I knew Reuben Okenkpa the deceased. He is now dead. He was a kinsman and friend of the accused. There was no quarrel between them before the death of the deceased. Since 1980 the accused has not been well. His illness started one night when he ran out of his room naked hut carrying his wrapper. When questioned he replied that soldiers had killed his brother and buried him where no one would find him; that the soldiers were after him as the next person to be killed. At the dawn of the day the inmates of the yard reported the incident to the brother of the accused who took the accused home and told me what happened the night before at Aba. In the following night the accused looked up the ceiling and said he heard some voices. He asked me if I heard the voices and I said no. This continued until he was given some drugs and thereafter the illness subsided. Whenever the sickness subsided the accused could not recollect whatever happened during the period of his ill health. One would have to tell him what he did when he was not well. During the period of his malady he keeps mute for periods of about 30 minutes. Any statement from anyone easily upsets him. Whatever comes his way he uses in striking anyone near him. On one occasion he hit my son at the back with a piece of wood. The scar is still visible at the back of the son. He was first given “English” medicine. When it yielded no result I took him to a native doctor. At a stage the accused told me that the native doctor was trying to poison him. Later we were directed to a prayer house. As at 9th September, 1982 the accused was being treated at St. Anthony’s Hospital. Aba. It was his employers who sent him to that Hospital. I do not know if the accused killed the deceased because I was at Aba on the date of the alleged incident.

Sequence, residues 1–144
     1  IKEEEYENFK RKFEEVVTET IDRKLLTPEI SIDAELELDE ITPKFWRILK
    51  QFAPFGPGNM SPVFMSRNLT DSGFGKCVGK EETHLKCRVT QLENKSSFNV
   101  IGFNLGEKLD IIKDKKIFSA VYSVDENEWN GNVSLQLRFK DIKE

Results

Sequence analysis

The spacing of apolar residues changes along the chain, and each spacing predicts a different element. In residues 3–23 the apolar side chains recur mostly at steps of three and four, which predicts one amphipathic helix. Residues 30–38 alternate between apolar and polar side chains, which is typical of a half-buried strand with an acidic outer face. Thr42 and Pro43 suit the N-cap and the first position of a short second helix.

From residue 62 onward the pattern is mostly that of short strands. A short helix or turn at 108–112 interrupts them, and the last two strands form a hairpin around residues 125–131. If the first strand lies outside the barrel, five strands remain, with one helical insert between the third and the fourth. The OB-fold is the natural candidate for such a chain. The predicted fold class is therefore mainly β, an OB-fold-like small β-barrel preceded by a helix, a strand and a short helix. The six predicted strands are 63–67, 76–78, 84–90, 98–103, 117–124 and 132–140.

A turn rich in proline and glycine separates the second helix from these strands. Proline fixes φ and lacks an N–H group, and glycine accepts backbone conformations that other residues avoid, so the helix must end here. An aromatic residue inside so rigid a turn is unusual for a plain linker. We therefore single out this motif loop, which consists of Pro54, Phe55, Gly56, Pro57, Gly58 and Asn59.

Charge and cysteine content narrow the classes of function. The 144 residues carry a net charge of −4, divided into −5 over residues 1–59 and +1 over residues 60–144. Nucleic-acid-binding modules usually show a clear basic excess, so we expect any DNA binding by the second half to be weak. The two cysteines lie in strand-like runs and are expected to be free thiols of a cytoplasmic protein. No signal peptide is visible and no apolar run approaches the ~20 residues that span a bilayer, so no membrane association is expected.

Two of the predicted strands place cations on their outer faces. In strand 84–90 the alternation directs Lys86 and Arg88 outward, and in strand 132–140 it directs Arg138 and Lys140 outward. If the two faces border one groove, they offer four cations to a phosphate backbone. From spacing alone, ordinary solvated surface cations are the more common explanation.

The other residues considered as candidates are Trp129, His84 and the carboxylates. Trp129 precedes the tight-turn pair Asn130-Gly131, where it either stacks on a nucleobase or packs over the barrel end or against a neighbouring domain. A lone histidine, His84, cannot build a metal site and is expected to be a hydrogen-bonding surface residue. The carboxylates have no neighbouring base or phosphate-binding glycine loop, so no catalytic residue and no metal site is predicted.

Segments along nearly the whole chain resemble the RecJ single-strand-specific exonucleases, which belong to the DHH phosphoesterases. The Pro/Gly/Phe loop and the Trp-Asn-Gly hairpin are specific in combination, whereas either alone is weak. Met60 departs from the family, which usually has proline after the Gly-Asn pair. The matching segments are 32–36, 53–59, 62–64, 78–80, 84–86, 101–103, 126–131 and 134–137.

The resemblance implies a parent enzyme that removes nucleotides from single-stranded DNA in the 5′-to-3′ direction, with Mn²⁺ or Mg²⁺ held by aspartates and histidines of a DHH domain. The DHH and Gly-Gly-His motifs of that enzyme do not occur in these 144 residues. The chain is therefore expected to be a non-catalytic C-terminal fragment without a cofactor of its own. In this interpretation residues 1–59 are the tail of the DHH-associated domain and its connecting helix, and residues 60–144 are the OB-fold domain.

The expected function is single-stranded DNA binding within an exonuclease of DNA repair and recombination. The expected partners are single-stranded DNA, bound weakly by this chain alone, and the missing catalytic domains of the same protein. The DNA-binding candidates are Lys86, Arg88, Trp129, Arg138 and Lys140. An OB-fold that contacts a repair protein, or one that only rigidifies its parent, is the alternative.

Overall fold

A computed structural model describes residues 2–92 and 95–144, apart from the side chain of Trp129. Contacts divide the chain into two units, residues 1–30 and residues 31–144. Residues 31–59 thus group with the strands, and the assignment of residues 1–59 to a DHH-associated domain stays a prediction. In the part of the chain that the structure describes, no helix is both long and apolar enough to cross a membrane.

I made a statement to the police in respect of this matter. I made two statements to the police. The 1st was on 29th October. 1982 and the 2nd was on 3rd of November, 1982. The deceased was not my lover. My husband had earlier accused me of having love affairs with the deceased. I told him that it was an evil spirit that was prompting him to say so. The accusation about love affair was made when my husband was not well.”
I have to reproduce this evidence in full because of its significance on the face of it, and in this connection I must mention the evidence of P.W.5 the investigating police officer in cross-examination which is as follows:-